As the only woman currently serving in the Rutland City Fire Department, Jenna Elliott, 22, of Rutland, stays true to her own beauty pageant platform.
During her time as USA National Miss Vermont last year, she often encouraged women to pursue careers in fields dominated by men. Standing at 5 feet, 4 inches, Elliott said she has never felt intimidated being surrounded by men in the workplace.
“Growing up, I was kind of my dad’s shadow,” she said. “I grew up working in the garage and being around him and all of his friends working on a race car and all of that sort of stuff. So being in and among men, it didn’t really faze me.”
However, Elliott said, she also enjoyed dressing up as a kid, which drew her to the pageant world at the age of 14.
“I really fell in love with it,” she said of pageantry. “It was a way for me to build confidence and grow as an individual.”
She credits pageants with fostering her love of community service, which is part of what has driven her to take the leap into firefighting.
“I really noticed that I wanted to be a part of something bigger when competing in pageantry,” she said. “There’s a lot of community service involved with that, but I wanted something bigger. So, when I heard that I could join a volunteer department and give back to my community, I thought that would be an amazing way to make an impact. From there it kind of all just followed a path, and I found something that I really loved.”
While many people see pageantry and firefighting as a contradictory passions, Elliott finds both fulfilling.
“I would say that no matter what it is that I pursue, in either this career or pageantry, I really try to give it my full effort and my full heart,” she said.
Elliott has put pageantry on hold recently as she gets settled in at the station, but she hopes to go back to competing in the fall. She joined the RCFD in September after serving with the Rutland Town Fire Department as a volunteer for a year and a half. She will be sworn in by the Board of Aldermen in July as a full-time firefighter.
Elliott said she greatly enjoys her time at the station, comparing it to the camaraderie of sports teams, which she missed after leaving school.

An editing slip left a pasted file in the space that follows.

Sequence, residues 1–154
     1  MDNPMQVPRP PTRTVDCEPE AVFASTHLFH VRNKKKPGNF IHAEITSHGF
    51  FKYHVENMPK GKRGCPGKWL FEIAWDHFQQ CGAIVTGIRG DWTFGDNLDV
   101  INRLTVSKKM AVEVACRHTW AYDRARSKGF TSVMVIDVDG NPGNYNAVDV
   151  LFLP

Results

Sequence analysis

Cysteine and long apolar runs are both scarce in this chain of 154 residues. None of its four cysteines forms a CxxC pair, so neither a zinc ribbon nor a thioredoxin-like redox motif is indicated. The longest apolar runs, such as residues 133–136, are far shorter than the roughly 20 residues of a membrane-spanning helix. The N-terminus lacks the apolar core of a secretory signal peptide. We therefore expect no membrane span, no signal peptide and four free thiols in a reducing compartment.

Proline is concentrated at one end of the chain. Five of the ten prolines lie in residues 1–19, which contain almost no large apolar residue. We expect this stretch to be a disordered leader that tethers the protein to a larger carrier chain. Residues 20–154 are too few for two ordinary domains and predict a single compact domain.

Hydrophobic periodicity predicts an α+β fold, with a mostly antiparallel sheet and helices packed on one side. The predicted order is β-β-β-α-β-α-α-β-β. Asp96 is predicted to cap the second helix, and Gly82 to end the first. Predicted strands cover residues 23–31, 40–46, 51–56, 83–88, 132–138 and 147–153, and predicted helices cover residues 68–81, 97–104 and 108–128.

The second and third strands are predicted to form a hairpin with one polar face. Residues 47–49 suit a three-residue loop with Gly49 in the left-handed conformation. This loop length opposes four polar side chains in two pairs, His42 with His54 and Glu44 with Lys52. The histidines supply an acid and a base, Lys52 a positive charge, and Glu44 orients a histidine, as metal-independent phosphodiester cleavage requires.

“Coming here, this is a family. I’ve gained brothers and fathers. My family has grown so much in the last year,” she said. “Everything we do here is part of a team, and that’s why I love it.”
According to Elliott, she has not run into any problems being the only woman at the station.
“I wouldn’t say that I expected anything bad to come out of it, but I was kind of unsure being the only female in a career department. But the guys welcomed me with open arms,” she said. “They were extremely willing to help with anything, willing to take me aside and train with me on things that I may have been weak on. I don’t feel out of place at all.”
According to Elliott, the biggest thing she has struggled with is her tendency to push herself, which can present a challenge when it comes to the physical aspects of the job.
However, she is working to remedy this through CrossFit, and she became a cross fit trainer in April. She plans to bring CrossFit to more of the guys at the station.
She said it is important to her to be treated the same way as the other firefighters on the job.
“Going into this, I really didn’t want to be treated any differently,” she said. “I wanted to be seen as one of the guys.”
Elliott strongly encourages girls and women to join the fire service, and said she would not mind some female company down at the station.
“This is honestly one of the most rewarding careers out there,” she said. “I would like some sisters here to hang out with. The guys are fun, but it is nice to have another female there to pal around with.”
Elliott said that one of the best parts of her job is that it often does not feel like a job at all.
“Don’t get me wrong, it’s a very serious job, but we have a lot of fun,” she said. “I am so lucky to have a job that is like a second home, and is a place where I can come and I know I have a second family here to help me through anything.”